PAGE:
Only eleven days before the final rupture, the United Kingdom and the European Union (EU) remained engaged on Sunday in a grueling tug of war over fishing blocking any prospect of a post-Brexit agreement.
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These interminable negotiations continue as the coronavirus pandemic monopolizes the attention of the British: the government has just announced the re-containment of London and the south-east of England in an attempt to curb a surge in contamination attributed to a new strain.
“I’m sure a deal can be made, but obviously the EU needs to shake things up,” UK Health Minister Matt Hancock said on Sky News on Sunday. “The EU has unfortunately made unreasonable demands.”
At the end of a new day of discussions in Brussels focused on fishing, a British source had already called on Saturday evening for a “substantial change” in European positions in the days to come, without which an agreement will remain impossible.
However, a compromise must be found before the United Kingdom – which officially left the EU on January 31st – leaves the European single market and customs union on December 31st at 11 p.m. GMT.
Otherwise, trade between the EU and London will be carried out according to the rules of the World Trade Organization, synonymous with customs duties and quotas, with serious consequences for economies already shaken by the pandemic.
To the pressure of the calendar is added for the Europeans that of their Parliament: the MEPs demand a text before “Sunday midnight” to be able to examine it and ratify it so that it enters into force on the 1er January.
Faced with the risk of “no deal”, with its heavy economic consequences, this deadline is however likely to be exceeded, like many others in the Brexit saga.
An agreement reached in extremis could enter into force provisionally, an option which seems to be favored by the Member States, with a posteriori ratification by the European Parliament.
The French Secretary of State for European Affairs, Clément Beaune, did not rule out a continuation of talks on Saturday after the weekend.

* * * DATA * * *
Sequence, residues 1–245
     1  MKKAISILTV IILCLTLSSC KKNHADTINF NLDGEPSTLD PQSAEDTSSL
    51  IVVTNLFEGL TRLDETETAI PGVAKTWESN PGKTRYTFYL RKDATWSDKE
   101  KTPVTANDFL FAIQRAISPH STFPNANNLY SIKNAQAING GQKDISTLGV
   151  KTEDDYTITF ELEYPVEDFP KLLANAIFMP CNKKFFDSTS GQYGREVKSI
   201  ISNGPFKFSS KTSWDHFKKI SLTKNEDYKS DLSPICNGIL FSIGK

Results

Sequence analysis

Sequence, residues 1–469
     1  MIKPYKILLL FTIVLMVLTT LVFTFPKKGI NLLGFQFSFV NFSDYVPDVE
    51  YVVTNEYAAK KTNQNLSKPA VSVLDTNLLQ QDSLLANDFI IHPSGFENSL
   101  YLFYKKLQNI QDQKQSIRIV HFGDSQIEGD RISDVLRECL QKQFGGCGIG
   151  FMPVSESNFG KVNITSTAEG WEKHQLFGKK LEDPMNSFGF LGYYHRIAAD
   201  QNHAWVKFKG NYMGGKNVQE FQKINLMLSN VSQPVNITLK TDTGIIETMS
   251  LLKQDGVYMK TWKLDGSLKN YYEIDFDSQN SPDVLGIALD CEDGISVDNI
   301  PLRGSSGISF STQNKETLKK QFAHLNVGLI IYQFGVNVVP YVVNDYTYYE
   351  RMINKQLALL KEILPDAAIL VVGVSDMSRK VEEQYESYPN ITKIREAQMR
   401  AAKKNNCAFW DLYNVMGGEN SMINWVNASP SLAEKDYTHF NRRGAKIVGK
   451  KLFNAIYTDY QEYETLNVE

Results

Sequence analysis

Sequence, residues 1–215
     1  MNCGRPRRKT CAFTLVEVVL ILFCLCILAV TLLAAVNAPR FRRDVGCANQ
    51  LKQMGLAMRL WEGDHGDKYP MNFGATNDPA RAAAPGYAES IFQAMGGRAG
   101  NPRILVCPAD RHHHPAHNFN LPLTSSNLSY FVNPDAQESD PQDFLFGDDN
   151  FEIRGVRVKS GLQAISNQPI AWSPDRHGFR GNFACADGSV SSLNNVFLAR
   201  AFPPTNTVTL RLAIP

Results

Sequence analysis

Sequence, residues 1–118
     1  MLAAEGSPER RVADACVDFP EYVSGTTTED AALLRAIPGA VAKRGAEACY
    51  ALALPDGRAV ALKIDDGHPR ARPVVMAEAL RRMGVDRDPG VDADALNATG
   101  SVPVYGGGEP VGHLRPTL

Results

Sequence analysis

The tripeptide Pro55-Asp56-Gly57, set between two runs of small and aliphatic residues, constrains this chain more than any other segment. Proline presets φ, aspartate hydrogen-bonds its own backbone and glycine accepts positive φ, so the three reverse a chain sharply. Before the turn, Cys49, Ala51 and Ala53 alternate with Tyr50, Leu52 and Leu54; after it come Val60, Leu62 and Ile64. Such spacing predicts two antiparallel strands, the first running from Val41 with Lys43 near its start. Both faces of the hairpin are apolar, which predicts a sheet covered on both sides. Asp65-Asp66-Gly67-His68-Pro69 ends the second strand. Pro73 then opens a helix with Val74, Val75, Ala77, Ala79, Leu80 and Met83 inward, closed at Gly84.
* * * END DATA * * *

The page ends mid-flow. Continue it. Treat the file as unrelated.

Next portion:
The Europeans have conditioned access without customs duty or quota to their immense market to the settlement of the fishing issue. A stake far from being negligible for the British, since the EU is their main trading partner.
For several Member States, France and the Netherlands in the lead, fishing has a strong political and social dimension despite its low economic weight.
On the other side of the Channel, the water control symbolizes a British sovereignty regained thanks to Brexit.
Negotiations focus on sharing the roughly 650 million euros caught each year by the EU in British waters and the length of the adjustment period for European fishermen. For the British, fishery products in European waters represent around 110 million euros.
Brussels would offer to give up about 20% of the 650 million after a transition period of seven years, London claiming 60% over a period of 3 years, according to European sources.
“The EU has made it clear this weekend that it is ready to compromise,” a European diplomat said on Sunday. “But it will not agree to put its fishermen in a situation of structural bankruptcy”, he adds.
“The narrow path to an agreement has now become a single path,” he warned.
On the other two difficult subjects – the way of settling disputes and measures to protect against any unfair competition – positions have however come closer this last week.
The Europeans are calling for guarantees in London to protect their huge market from a deregulated British economy which no longer meets their environmental, social or fiscal standards or in terms of state aid.